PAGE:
The speculation from politicians, colleagues, parents, and relatives about schools reopening is exhausting. No one with authority seems to have a plan and no procedures are standardized. I am sick of politicians like Florida’s governor, Rick DeSantis, comparing going to Walmart and Home Depot for twenty minutes once a month to educating hundreds of children in a school building for seven hours a day. As my teenage daughter might say:  “I am over it.”

Stop the insanity. We either return to school or invest in training teachers to deliver effective online instruction. Full stop. Yes, what I am proposing is a complete return to school with all services or no return. There is no half-way. There is no tenable middle ground. 

Children need school. They need math, science, social studies, English, world languages, health, business, college-credit courses, choir, band, art, physical education, marching band, athletics, and activities. Students need socialization and school-sponsored events. Students deserve the complete package. If we are going to risk sickness and death returning to school buildings, let’s not deprive students of the things that make the educational experience well-rounded.  

I can teach high school social studies online, but I cannot instruct effectively with a mask on, without students working collaboratively, with everyone six feet apart. Schools will need tissues, hand sanitizer, and air purifiers. New York governor, Andrew Cuomo, recently proclaimed that malls could open if they had the proper air filtration. The school building I teach in does not have this adequate air filtration. Schools are not sterile environments. Schools are not conducive to social distancing. Even if everyone follows all of the rules (which full compliance is not likely), the outcome will be a school experience that is flat and sad.  

During my twenty-five tenure, administrators have sent a message that students’ needs come first, except when they don’t. Opening schools in a hybrid model or a mask-to-mask model, as Steven Singer writes, is not the solution. Reopening school buildings are not in the students’ best interest and will only be a temporary band-aid until schools shut down again out of necessity to halt the virus’s spread. If schools across the nation reopen, it will lead to the most disruptive school year–it will be a lost year.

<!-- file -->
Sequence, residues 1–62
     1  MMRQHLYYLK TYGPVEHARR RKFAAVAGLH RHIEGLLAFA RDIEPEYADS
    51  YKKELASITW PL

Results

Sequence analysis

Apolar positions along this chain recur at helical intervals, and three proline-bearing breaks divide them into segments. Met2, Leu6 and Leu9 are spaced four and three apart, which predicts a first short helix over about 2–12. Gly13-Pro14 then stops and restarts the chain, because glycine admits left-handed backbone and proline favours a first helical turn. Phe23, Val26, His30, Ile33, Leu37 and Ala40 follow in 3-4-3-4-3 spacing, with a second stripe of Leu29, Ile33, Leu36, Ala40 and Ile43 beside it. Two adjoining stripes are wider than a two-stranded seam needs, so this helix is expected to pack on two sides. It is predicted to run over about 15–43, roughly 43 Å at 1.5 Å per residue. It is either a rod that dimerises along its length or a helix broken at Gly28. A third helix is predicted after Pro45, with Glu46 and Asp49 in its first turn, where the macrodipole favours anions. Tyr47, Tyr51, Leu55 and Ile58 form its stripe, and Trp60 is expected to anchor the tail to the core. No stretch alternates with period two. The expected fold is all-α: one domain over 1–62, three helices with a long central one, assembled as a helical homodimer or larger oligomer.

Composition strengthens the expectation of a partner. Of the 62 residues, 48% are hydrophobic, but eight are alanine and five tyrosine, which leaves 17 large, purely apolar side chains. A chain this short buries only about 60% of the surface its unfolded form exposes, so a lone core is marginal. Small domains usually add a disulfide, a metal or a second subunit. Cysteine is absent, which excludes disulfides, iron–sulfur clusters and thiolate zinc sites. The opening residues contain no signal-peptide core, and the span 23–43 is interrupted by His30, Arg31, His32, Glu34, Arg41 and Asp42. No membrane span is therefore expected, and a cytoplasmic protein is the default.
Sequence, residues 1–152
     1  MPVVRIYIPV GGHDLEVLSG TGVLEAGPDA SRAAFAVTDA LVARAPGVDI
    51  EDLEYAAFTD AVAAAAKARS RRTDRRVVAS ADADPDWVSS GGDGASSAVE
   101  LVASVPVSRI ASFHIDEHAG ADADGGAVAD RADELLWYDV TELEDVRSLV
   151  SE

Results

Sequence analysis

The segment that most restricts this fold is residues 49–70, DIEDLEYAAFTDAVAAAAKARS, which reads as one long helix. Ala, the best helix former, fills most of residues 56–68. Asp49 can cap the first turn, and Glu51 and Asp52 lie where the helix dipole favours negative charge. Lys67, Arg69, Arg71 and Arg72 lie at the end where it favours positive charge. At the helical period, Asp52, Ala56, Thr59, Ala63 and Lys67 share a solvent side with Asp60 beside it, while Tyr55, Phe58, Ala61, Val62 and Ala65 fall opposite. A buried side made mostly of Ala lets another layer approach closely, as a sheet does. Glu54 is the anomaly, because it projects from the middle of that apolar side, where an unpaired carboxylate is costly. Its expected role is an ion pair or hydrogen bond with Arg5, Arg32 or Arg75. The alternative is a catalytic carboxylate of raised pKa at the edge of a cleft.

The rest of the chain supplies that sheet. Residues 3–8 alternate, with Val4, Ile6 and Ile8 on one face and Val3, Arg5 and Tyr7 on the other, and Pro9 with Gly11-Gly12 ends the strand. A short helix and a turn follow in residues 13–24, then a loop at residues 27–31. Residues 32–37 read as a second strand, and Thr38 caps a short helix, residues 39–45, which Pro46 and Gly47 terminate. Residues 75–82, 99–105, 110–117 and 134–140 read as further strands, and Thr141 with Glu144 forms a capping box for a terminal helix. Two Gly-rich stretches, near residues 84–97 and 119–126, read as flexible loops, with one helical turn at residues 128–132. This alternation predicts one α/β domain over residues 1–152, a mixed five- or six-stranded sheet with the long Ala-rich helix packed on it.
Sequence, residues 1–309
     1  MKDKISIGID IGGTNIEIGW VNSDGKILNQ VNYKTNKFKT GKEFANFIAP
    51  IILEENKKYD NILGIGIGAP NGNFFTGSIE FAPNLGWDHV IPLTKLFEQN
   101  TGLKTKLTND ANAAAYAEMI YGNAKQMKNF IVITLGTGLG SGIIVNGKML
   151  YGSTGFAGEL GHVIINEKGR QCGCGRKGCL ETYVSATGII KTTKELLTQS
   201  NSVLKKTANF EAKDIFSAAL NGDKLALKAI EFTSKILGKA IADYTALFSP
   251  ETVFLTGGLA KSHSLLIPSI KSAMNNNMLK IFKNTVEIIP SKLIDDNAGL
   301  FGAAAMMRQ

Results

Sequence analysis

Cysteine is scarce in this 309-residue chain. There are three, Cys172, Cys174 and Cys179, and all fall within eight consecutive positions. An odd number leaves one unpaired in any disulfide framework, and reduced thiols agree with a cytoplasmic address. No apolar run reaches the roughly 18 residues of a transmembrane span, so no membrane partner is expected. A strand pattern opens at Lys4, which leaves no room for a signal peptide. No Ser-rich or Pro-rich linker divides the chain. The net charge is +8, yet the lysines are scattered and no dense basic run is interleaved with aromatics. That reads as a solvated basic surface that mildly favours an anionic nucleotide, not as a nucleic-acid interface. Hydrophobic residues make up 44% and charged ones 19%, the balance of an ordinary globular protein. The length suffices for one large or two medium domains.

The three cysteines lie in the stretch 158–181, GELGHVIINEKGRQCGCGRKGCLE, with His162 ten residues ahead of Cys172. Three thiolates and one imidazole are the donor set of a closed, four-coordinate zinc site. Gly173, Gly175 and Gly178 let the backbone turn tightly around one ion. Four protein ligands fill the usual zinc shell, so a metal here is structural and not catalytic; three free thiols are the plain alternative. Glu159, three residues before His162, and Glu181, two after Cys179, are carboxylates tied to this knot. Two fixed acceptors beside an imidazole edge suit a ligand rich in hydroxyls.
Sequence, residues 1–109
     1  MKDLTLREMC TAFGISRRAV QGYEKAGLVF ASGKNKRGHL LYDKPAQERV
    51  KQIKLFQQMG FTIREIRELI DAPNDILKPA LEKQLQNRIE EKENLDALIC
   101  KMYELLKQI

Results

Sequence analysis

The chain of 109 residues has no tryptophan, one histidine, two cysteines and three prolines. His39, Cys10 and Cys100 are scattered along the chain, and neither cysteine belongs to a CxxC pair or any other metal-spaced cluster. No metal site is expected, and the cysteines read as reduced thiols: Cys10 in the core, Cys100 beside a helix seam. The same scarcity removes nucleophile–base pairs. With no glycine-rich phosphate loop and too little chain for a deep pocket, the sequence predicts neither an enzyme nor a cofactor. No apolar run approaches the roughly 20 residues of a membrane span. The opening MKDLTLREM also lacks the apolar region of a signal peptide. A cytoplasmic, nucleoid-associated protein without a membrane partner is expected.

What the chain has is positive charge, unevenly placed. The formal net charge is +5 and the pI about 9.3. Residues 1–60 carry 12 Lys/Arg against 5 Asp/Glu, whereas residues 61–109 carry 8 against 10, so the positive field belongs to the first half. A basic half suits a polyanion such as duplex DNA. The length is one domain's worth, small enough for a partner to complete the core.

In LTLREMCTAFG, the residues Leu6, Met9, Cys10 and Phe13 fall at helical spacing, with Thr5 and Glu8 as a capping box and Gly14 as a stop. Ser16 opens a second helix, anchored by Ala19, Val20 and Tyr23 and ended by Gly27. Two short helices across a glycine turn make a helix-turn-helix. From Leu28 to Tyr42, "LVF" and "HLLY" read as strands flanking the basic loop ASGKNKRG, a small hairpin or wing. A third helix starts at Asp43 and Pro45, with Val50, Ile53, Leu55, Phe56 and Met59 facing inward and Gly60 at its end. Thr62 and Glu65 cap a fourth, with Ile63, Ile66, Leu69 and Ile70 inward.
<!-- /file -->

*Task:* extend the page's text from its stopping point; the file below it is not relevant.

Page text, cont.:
Don't get me wrong; I want to teach in my classroom. I want my daughters to swim on their school's teams. I want to return to effective teacher-to-student instruction, but we cannot. Click To Tweet

There is no normal.  

We must create pandemic schools.  

The “safest” route is online learning. Robust online instruction is necessary. Instead of spending weeks debating whether schools should reopen, or having people beat their heads against the wall making futile plans, teachers need training on making online learning successful. In 22 Reasons Why Schools Should Not Reopen This Fall, Nancy Bailey writes, “While I’m not for technology to replace teachers, teachers teaching remotely is different. Funding at this time should go towards ensuring that all students have efficient online access to their teachers and schools in the fall. Students are not going to become zombies if they miss school for a little longer. The economy is not going to fail if children miss some school.”

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Until we can return to school fully, we must continue remote learning. It breaks my heart, but it is the only way forward. Let’s not risk our health for minimal reward. Teachers know this truth, but we have spent our careers “making things work.” Oh, we have a shortage of substitutes today, “Sure, I will cover my colleague’s class.” Oh, the budget does not include tissues and other supplies? “I guess I will buy these products.” Some possible lunatics might shoot-up the building? “Okay, I will huddle in the corner twice a year with my students to rehearse our deaths.”

Collectively, teachers must use the power of our 3.2 million voices to actually put our students’ needs first.  We either go all in or remain remote.  Either way, we need a plan now.  

 

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